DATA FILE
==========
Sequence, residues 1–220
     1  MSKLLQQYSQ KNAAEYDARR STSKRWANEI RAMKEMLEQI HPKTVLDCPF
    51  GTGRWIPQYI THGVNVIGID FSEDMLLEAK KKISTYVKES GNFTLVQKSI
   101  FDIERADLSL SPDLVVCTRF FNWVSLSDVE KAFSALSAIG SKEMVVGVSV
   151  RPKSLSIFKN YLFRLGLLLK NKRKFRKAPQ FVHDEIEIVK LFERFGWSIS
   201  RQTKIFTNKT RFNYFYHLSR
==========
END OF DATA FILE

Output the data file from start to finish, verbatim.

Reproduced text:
Sequence, residues 1–220
     1  MSKLLQQYSQ KNAAEYDARR STSKRWANEI RAMKEMLEQI HPKTVLDCPF
    51  GTGRWIPQYI THGVNVIGID FSEDMLLEAK KKISTYVKES GNFTLVQKSI
   101  FDIERADLSL SPDLVVCTRF FNWVSLSDVE KAFSALSAIG SKEMVVGVSV
   151  RPKSLSIFKN YLFRLGLLLK NKRKFRKAPQ FVHDEIEIVK LFERFGWSIS
   201  RQTKIFTNKT RFNYFYHLSR